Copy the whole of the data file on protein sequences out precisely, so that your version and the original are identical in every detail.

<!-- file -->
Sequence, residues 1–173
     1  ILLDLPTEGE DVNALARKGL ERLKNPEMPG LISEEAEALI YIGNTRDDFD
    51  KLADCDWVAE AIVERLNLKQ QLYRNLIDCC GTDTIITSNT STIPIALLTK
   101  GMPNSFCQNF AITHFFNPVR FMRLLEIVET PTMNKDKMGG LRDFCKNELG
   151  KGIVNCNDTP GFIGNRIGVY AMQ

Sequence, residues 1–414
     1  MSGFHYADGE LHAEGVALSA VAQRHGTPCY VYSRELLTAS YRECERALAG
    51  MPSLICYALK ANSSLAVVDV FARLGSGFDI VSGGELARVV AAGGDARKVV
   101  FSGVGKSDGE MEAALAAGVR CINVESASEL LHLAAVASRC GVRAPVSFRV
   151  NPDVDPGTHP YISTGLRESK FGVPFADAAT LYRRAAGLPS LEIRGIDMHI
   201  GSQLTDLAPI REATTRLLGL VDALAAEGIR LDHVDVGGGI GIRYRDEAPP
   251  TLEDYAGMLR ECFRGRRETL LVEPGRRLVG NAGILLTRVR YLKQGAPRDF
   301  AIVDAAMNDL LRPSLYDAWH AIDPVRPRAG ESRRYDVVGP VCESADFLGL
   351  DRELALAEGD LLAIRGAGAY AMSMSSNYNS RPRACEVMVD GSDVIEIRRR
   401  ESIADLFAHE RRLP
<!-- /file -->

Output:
Sequence, residues 1–173
     1  ILLDLPTEGE DVNALARKGL ERLKNPEMPG LISEEAEALI YIGNTRDDFD
    51  KLADCDWVAE AIVERLNLKQ QLYRNLIDCC GTDTIITSNT STIPIALLTK
   101  GMPNSFCQNF AITHFFNPVR FMRLLEIVET PTMNKDKMGG LRDFCKNELG
   151  KGIVNCNDTP GFIGNRIGVY AMQ

Sequence, residues 1–414
     1  MSGFHYADGE LHAEGVALSA VAQRHGTPCY VYSRELLTAS YRECERALAG
    51  MPSLICYALK ANSSLAVVDV FARLGSGFDI VSGGELARVV AAGGDARKVV
   101  FSGVGKSDGE MEAALAAGVR CINVESASEL LHLAAVASRC GVRAPVSFRV
   151  NPDVDPGTHP YISTGLRESK FGVPFADAAT LYRRAAGLPS LEIRGIDMHI
   201  GSQLTDLAPI REATTRLLGL VDALAAEGIR LDHVDVGGGI GIRYRDEAPP
   251  TLEDYAGMLR ECFRGRRETL LVEPGRRLVG NAGILLTRVR YLKQGAPRDF
   301  AIVDAAMNDL LRPSLYDAWH AIDPVRPRAG ESRRYDVVGP VCESADFLGL
   351  DRELALAEGD LLAIRGAGAY AMSMSSNYNS RPRACEVMVD GSDVIEIRRR
   401  ESIADLFAHE RRLP